[E-voting] encryption compromised by hardware

Justin Mason jm at jmason.org
Mon Nov 20 12:47:51 GMT 2006


Timothy Murphy writes:
> On Monday 20 November 2006 08:58, A.J.Delaney at brighton.ac.uk wrote:
> 
> > I'm not an expert in cryptography, but from what I understand if an
> > attacker has physical control over a machine all bets are off.  There
> > is, effectively, no way to reliably encrypt data on a machine that an
> > attacker can run a priviledged application on. 
> 
> That doesn't sound right to me.

No, no, it's entirely correct!

Consider the case of an attacker who successfully subverts the kernel's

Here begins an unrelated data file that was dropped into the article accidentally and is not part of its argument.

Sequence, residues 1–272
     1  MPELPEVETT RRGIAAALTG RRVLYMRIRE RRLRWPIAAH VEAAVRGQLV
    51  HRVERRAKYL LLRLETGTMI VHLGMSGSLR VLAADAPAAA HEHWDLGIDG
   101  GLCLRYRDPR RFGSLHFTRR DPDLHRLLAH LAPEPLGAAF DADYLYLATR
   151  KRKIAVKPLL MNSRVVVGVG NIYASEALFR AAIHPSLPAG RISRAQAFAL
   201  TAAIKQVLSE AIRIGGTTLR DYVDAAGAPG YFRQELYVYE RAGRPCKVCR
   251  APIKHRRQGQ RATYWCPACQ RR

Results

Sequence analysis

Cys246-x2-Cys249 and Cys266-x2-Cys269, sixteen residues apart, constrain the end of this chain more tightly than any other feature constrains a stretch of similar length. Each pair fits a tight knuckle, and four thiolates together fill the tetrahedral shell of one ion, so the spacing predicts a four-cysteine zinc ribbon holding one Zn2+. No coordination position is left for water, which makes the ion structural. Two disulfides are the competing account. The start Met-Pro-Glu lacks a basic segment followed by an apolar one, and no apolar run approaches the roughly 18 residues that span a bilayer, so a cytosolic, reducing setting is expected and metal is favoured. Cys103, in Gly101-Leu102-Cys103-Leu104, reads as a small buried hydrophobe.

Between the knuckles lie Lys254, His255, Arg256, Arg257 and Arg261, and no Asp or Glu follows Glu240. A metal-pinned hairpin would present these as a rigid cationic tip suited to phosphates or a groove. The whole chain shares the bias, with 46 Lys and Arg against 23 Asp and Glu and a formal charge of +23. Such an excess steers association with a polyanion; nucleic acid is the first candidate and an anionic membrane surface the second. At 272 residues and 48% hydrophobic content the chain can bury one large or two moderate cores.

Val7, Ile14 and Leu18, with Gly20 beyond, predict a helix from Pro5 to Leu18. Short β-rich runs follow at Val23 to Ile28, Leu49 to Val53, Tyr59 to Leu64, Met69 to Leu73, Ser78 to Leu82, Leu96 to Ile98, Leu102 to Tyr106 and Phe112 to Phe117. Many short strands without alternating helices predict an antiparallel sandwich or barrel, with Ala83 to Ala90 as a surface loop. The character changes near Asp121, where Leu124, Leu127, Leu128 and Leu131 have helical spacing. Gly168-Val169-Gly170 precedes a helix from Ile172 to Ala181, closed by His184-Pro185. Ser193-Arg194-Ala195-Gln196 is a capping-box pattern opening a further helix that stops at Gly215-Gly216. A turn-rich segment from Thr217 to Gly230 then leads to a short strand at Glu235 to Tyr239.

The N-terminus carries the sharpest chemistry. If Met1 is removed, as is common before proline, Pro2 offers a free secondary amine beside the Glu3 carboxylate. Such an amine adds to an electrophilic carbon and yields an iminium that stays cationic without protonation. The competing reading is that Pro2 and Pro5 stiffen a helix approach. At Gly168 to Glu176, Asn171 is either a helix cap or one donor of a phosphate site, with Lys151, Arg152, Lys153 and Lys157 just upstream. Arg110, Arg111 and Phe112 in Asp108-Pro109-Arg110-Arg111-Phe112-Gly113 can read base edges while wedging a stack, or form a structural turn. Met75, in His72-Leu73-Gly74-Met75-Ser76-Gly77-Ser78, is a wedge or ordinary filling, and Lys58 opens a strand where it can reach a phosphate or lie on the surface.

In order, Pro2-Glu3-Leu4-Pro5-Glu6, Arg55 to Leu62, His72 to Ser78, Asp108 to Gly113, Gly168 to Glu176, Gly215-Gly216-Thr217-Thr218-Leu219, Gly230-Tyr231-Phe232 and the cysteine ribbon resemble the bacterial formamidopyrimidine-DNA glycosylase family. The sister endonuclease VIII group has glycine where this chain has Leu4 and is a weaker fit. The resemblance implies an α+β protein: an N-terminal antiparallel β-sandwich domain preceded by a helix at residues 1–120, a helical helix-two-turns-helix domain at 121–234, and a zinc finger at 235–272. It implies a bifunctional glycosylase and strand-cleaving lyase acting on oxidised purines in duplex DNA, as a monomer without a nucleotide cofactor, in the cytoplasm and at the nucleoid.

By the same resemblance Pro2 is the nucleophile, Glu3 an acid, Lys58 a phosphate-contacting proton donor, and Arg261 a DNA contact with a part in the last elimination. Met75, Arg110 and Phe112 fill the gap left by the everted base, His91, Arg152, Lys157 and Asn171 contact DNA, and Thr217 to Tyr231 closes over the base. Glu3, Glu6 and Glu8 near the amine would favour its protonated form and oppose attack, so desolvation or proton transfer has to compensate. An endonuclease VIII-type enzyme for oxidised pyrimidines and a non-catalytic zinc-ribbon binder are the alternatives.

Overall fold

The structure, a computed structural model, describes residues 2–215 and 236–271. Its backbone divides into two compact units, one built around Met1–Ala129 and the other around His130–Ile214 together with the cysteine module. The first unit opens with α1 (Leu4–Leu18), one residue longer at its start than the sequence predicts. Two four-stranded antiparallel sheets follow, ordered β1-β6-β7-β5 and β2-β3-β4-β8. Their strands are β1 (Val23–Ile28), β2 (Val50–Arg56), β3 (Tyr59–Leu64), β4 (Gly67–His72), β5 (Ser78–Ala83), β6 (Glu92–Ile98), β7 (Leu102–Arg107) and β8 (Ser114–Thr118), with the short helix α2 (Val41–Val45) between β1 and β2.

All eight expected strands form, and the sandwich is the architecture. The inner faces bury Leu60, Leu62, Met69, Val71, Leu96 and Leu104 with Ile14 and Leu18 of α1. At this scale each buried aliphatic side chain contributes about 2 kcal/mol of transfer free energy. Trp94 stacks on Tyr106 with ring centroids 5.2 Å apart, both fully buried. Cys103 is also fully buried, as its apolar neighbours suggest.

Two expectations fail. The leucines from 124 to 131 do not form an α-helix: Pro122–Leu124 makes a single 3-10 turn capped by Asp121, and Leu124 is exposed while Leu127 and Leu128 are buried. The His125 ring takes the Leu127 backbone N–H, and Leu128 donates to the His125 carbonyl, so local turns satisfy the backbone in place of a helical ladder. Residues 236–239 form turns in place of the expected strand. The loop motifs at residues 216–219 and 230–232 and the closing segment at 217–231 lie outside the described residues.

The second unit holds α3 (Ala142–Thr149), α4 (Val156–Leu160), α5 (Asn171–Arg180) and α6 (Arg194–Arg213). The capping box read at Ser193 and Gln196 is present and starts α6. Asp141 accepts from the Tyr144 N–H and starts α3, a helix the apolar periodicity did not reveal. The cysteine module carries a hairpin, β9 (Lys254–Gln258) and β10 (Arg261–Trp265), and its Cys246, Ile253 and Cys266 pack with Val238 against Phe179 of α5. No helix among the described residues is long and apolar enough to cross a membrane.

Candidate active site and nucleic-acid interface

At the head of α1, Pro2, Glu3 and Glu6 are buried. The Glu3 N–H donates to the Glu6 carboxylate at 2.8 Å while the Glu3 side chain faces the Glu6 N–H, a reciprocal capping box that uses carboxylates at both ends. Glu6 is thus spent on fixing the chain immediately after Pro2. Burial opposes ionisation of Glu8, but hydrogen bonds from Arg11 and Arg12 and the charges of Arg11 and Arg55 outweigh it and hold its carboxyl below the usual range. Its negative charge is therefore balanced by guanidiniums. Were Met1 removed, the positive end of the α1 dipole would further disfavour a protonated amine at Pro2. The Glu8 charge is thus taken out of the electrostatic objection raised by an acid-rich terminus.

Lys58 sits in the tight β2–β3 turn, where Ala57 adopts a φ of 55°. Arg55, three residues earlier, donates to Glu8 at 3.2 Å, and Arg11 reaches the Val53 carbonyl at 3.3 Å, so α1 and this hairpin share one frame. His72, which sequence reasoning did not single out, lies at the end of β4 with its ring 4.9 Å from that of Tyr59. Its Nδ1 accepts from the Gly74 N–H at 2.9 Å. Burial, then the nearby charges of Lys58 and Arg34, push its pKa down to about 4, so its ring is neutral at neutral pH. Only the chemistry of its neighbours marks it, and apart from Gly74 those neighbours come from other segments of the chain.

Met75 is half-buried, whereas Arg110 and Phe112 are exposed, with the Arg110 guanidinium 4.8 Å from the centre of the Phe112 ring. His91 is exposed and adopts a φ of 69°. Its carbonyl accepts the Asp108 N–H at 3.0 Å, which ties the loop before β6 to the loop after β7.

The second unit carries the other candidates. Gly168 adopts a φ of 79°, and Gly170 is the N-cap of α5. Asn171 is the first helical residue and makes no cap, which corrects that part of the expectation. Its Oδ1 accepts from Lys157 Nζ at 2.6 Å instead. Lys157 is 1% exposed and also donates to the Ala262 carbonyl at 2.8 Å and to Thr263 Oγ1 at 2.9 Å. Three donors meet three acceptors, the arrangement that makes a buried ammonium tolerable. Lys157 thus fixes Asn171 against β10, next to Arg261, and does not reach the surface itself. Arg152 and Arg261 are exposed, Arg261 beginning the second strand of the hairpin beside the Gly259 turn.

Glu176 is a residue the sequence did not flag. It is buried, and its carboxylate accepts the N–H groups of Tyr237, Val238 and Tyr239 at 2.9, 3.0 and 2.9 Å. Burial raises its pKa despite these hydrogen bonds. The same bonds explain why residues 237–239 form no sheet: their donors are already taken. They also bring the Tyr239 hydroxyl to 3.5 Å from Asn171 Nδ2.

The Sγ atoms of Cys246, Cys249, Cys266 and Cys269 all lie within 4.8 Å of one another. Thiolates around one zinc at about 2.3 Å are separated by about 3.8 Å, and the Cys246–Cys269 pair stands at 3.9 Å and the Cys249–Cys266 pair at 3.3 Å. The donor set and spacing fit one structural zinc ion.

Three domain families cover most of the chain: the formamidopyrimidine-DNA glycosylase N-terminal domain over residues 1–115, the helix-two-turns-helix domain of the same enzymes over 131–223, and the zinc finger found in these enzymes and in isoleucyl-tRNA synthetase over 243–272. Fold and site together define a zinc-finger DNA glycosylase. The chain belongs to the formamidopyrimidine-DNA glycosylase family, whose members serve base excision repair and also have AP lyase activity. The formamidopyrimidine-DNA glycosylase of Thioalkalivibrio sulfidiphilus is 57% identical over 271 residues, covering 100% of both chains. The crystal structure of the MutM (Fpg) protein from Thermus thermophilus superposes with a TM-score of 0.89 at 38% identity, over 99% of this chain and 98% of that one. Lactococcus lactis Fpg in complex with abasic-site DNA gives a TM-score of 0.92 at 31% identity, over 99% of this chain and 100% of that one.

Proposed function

file-read API; he/she can then intercept reads of specific disk sectors,
and replace the "real" data read with different, spurious data to mislead
any running application on the system -- even if it's running as root.
That's been common practice for viruses and other malware for 20 years
now.

Similarly, they can intercept or trace the encrypting operations,
capturing pass-phrases, private key data, encrypted plaintext, etc. -- it
doesn't matter how strong the algorithm is in that case.

> Do you have any reference for it?

http://portal.acm.org/citation.cfm?id=358210 -- Ken Thompson, _Reflections
on Trusting Trust_ ;)

also, http://en.wikipedia.org/wiki/Trusted_computing has some background
on the concept of the Trusted Computing Base, a more secure "core"
OS-inside-the-OS which can be trusted even in the presence of
possibly-hostile code in the running main-OS kernel.

I can't think of a good ref for the "rooted OS used to compromise
local encryption" case though... I'm sure it's happened, but can't
find a link.

--j.



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